Demaryius Thomas – Thomas is being counted on to be my team’s No.1 receiver, but has yet to prove he is a true No.1 yet.  He is raw in his route running and will need to prove he can excel with a passing quarterback who relies on strong routes and timing from his receivers.  If Thomas fails my team will be counting on young receivers like Juron Criner, Keahona Pilares and Jeremy Ebert to contribute earlier than is preferred.

Name three risky personnel selections on defense and explain why (see above).

Defensive end Cameron Jordan is one of Russ Lande’s risky plays. Photo by John Martinez Pavliga.

Dannell Ellerbe, Sean Spence and Akeem Dent – All three of my inside linebackers are unproven players and I need two of them to develop into starters for my defense to excel.  While Ellerbe has been in the NFL for a few seasons he is not an established starter, Dent has virtually no starting experience after just one season in the league and Spence is going to be a rookie.

Cameron Jordan – Jordan was a rare college player who was dominant, but his rookie season was filled with a lot of ups and downs.  I am counting on him to step up and become a quality starting DE in a 34 defense, so there is definitely concern about how good he can become and how quickly he can become that player.

OVERALL DEPTH – As I believe so strongly in building a strong corps of special teams players there are a number of players (tjhree definite and possibly five) that will contribute primarily on special teams and could limit the defense’s ability to be deep on game day.

Name a few players you really wished to add, but couldn’t find the room due to the restrictions of the salary cap or the fit within your team’s system.

Outside linebackers Aldon Smith and Von Miller, and tight end Antonio Gates.

Which players on your team would you have added even if they cost more than the listed price?

Philip Rivers, Demaryius Thomas, Jacquizz Rodgers, Cordy Glenn, Richard Sherman, Earl Thomas, and Mike Sciffres.

How do you think the makeup of your roster and distribution of your resources illustrates where your philosophy breaks with NFL conventional wisdom?

Zak DeOssie is regarded as one of the best long snappers in football. Photo by Scott Ableman.

I probably leaned a little too much on making sure I have five or six core special teams players to win that phase of the game every week. In addition, I have four active quarterbacks because I really believe that is the way to go because for a team to be successful it must always have elite quarterback play, which means you always have to be developing one or two young quarterbacks so that your team is never caught without a good starting quarterback on the roster.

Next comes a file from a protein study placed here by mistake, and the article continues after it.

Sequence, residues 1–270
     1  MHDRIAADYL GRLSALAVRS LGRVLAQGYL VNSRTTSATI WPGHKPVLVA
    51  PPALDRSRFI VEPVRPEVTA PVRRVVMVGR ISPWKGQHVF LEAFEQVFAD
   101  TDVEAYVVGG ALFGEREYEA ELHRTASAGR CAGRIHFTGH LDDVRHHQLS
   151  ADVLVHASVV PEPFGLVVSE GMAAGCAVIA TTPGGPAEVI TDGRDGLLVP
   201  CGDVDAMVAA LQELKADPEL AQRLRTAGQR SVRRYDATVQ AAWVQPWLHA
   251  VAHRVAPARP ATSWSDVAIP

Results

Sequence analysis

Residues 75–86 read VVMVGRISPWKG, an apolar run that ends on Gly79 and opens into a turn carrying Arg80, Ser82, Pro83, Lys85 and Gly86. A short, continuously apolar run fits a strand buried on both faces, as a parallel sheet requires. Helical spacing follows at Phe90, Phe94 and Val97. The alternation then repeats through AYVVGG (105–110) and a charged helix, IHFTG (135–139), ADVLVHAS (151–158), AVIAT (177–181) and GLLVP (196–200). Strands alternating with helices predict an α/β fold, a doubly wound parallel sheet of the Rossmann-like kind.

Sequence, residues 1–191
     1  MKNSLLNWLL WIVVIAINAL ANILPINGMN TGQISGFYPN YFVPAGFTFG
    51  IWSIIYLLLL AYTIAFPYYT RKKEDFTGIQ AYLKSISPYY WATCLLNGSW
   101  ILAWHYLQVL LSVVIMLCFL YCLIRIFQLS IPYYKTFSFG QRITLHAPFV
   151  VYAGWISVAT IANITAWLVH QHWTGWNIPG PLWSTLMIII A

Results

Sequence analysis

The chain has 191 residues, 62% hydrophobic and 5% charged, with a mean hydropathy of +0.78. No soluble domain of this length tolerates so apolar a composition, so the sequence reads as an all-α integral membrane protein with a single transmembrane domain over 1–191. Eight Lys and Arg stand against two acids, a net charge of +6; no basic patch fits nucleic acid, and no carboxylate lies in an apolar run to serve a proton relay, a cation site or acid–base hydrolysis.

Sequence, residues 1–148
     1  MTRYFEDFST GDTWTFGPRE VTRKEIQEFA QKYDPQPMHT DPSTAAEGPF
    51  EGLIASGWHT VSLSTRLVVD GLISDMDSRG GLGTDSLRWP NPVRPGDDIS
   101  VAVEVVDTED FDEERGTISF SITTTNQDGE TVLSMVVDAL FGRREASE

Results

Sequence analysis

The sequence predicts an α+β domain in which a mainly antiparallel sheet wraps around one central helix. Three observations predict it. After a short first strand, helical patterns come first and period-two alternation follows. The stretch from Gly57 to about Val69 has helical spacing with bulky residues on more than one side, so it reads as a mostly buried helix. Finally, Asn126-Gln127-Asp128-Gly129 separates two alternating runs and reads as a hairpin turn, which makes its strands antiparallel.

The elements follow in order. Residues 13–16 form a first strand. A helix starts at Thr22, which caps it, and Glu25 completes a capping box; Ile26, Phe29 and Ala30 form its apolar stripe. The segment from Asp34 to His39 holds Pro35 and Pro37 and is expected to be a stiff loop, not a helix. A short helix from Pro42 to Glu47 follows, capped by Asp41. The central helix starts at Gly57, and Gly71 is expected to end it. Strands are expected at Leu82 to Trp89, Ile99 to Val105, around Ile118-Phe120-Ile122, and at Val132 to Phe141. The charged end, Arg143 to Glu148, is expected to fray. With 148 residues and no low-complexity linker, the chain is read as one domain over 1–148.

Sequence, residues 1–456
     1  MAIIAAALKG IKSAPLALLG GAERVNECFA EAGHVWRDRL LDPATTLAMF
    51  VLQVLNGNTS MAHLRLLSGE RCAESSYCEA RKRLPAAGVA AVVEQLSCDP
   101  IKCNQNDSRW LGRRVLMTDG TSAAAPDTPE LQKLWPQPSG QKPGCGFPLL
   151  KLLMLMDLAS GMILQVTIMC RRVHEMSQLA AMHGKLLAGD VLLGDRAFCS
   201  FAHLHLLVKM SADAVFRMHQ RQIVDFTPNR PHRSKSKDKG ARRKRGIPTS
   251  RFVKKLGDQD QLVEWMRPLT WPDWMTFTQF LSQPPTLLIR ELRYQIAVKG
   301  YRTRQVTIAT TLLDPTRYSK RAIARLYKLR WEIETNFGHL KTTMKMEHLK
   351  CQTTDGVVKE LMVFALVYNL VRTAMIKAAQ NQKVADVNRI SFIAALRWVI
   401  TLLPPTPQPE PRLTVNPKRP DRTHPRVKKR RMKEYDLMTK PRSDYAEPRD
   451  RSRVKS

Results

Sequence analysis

While many NFL teams focus on drafting wide receivers high and building an elite wide receiver corps, I am a strong believer that a top quarterback makes his receivers much better and can win with an average bunch of receivers.  While a lesser QB cannot be highly productive even if he has elite receivers.

Lastly, I believe that I focused very hard to making sure my roster is deep at nearly  every position, which is what the best NFL teams try to do.

How much of a priority did you place on special teams, considering the restrictions of the salary cap? How would you rate your special teams unit?

I think I likely placed a little too much emphasis on special teams for some people’s beliefs, but in my view winning the special teams battle every week can be the difference between a team making or missing the playoffs.  I am sure that few people have a designated long snapper (Zak DeOssie) or choose a tight end (Brent Celek) who has been his team’s backup long snapper.

In addition, I have five players (Matt Slater, Devin Thomas, Eric Frampton, Zak DeOssie and Heath Farwell) whose primary job on the team will be to excel on special teams.  When I add in a kicker who excels on kickoff through the end zone to create touch backs and one of the best all-around punters, I believe I will have the best special teams in the league by far.

What specifically makes your 5-6 core special teams players good at this facet of the game?

I think a key reason why the core special teams players are good on teams is that they all have shown a willingness to work/compete hard on teams, which too many backups do not.  Having a snapper like DeOssie gives my kicking/punting units a level of stability and Brent Celek gives me a valuable backup snapper.  Devin Thomas and Kealoha Pilares are both very good kickoff returners who should help the offense get good field position after kickoffs (obviously kickoff returners are not as valuable as before the kickoff rule change, but they can still help significantly).

Jim Leonard is an excellent punt returner and Pilares has shown the skills to be a good one, so they can definitely affect the field position battle.  Both Devin Thomas and Matt Slater are excellent gunners on punt coverage unit and M. Gilchrist did a good job as a gunner in 2011.  Slater, Farwell, Dent, Devin Thomas, Kendrick Lewis and Marcus. Gilchrist have shown skills to be very good kickoff coverage men.

What will they do to help your team win the field position battle that other teams might lack?

I think my depth in terms of high quality coverage men combined with my elite punter and kicker and good returners, I should be able win the field position battle in nearly every game.  I think no other teams will have the number of players that have made their living on special teams so far in their careers (Like DeOssie, Farwell, Devin Thomas and Matt Slater) that I have which gives my team a chance to really shine as compared to other teams.